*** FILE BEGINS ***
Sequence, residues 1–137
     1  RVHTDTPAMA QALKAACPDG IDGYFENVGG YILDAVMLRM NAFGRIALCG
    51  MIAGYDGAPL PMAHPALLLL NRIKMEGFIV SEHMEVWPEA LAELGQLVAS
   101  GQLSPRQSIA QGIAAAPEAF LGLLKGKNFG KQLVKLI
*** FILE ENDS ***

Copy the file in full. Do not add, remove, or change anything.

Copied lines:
Sequence, residues 1–137
     1  RVHTDTPAMA QALKAACPDG IDGYFENVGG YILDAVMLRM NAFGRIALCG
    51  MIAGYDGAPL PMAHPALLLL NRIKMEGFIV SEHMEVWPEA LAELGQLVAS
   101  GQLSPRQSIA QGIAAAPEAF LGLLKGKNFG KQLVKLI